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1965, only 20 years after the war. Wounds still fresh after the cruel German occupation. Millions of people dead. Camps, executions. This gesture by the Polish bishops was unheard of. It paved the way for reconciliation with Germany. Obviously, Gomułka and the entire Communist Party were furious; they spewed hatred. They wanted Poles to think that they had an enemy in the West and a friend in the East. This was a false image. It was at this point that the Church played an incredibly positive role. With this one simple Christian gesture.
Prof. Norman Davies
University College London
“[…] Fifty years ago, Polish bishops addressed their German brothers with a Message of peace and reconciliation, which was to fundamentally change Polish–German relations and the history of Europe. It was then an act of extraordinary courage, spiritual wisdom and far-reaching vision. In 1965, only twenty years had elapsed since the end of the war. A war unleashed by Germany and the painful effects of which were still felt in Poland almost at every step. While, on the one hand, the wartime trauma universally shaped the consciousness of Poles, on the other hand, German public opinion was just beginning to realize the enormity of the crimes and harms caused not only by the German state, but also by many Germans. Nevertheless, the Polish bishops wrote to their German confreres on the occasion of the millennium of Poland’s baptism: “… We extend our hands to you […] and we grant forgiveness and ask for it …“
President of the Republic of Poland
President of the Federal Republic of Germany
Cardinal Kominek is a symbol of the impact of hard work on reconciliation between nations.
President of Wrocław, 2002–2018
Through all [memories – ed.], his person is coming back to me, expressive, dynamic, priestly, bishop-like, involved, brave – a man of broad horizons, pioneer of Polishness, hierarch of the Church, servant of God and humankind. An unambiguous person, expressive person, historical person, unique person. I keep praying for his soul. He has remained close to me.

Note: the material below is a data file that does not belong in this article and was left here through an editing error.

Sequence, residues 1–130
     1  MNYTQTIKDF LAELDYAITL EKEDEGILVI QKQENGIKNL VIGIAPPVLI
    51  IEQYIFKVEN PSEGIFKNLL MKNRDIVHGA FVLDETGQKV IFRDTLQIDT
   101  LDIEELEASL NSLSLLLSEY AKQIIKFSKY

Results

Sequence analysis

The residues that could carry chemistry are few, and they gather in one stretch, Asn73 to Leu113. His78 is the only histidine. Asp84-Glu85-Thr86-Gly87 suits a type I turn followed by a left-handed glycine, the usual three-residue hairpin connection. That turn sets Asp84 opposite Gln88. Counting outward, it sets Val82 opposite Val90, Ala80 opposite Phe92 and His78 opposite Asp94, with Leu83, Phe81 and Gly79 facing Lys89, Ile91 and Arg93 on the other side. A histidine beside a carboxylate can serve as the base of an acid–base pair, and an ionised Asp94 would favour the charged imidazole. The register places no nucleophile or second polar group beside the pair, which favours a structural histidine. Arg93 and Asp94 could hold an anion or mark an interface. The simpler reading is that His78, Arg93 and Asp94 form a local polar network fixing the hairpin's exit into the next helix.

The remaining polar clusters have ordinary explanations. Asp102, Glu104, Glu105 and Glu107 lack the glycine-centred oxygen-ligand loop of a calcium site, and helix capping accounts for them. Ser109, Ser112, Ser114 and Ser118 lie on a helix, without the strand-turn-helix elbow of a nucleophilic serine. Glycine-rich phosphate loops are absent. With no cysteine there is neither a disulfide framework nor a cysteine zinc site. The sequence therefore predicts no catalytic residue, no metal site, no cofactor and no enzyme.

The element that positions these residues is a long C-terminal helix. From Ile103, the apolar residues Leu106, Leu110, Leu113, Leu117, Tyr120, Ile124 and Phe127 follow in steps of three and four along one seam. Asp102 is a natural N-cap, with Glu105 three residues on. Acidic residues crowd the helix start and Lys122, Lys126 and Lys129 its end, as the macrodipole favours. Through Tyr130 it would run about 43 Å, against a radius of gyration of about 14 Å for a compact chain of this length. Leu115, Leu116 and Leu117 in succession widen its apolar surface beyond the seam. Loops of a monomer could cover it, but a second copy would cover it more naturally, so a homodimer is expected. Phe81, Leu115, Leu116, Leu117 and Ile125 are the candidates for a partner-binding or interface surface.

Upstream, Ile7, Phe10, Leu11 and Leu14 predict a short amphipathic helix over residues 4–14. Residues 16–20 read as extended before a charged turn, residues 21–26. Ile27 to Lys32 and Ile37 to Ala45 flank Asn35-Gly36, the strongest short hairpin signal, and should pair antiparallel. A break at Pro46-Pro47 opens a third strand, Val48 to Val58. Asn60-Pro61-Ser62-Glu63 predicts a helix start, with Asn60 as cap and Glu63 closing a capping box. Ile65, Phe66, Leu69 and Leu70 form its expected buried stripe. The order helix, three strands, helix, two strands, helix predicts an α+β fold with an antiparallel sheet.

John Paul II
The words of the Poles were a breakthrough in relations between the Catholic Churches of Poland and Germany. Without the letter from the Polish bishops, there would be no such kind of German–Polish reconciliation as we experienced, and politicians would not have had anything to go out into their societies with to convince them to reconcile with their neighbours. Without this letter they would have been faced with a very difficult task.
diplomat in the German Embassy in Warsaw and member of the Bensberg Circle
How important was this Letter of Reconciliation? Still today, it is referred to as a model element in conflict situations around the world. It shows that you can and should forgive each other.
First non-communist Prime Minister of the Republic of Poland, 1989–1990
There can be no union without reconciliation. Reconciliation between recent enemies became the most important challenge for all those wishing to unite Europe after a war that had led to an unimaginable level of hatred. You would have had to have been a visionary in the 1960s to imagine Poland’s integration into Europe, represented at the time by the EEC. Bolesław Kominek, the titular archbishop of Wrocław, pre-war Breslau, was convinced that “Europe is the future – nationalisms are yesterday”.
Prof. Krzysztof Pomian
Director of the Museum of Europe in Brussels
Cardinal Kominek was a typical priest, not “a prince of the church”, he never perceived himself in this way. He was a priest who was looking for contact with people and who wanted to overcome national conflicts, conflicts between neighbours – Germans and Poles. He understood himself as a “bridge” and since he worked so close to the Polish-German border, this was a continuous driver of his behaviour and thinking.
Journalist, Vatican expert
At the Second Vatican Council, one could also feel a certain kind of love for Christians all over the world. The ecumenical nature, which appeared very important to us, was emphasized. And then the initiative of Bishop Kominek was raised – the initiative of the Letter of Reconciliation that the Polish bishops issued to their German brothers at the end of the Council.
This was a truly happy moment. […] it was extremely brave for the Polish bishops to say: “we forgive and we ask for forgiveness.” Because of this, the Polish bishops had to accept in their country something more than just criticism from the political side. How is it thus? What should we Poles apologize for?
Are we really supposed to forgive? What the bishops expressed was decisive for the entire reconciliation process, which led to the year 1970 and then to the conference in Helsinki in 1975. We are and we remain full of respect and gratitude for this initiative.
Richard von Weizsäcker
President of Germany, 1984–1994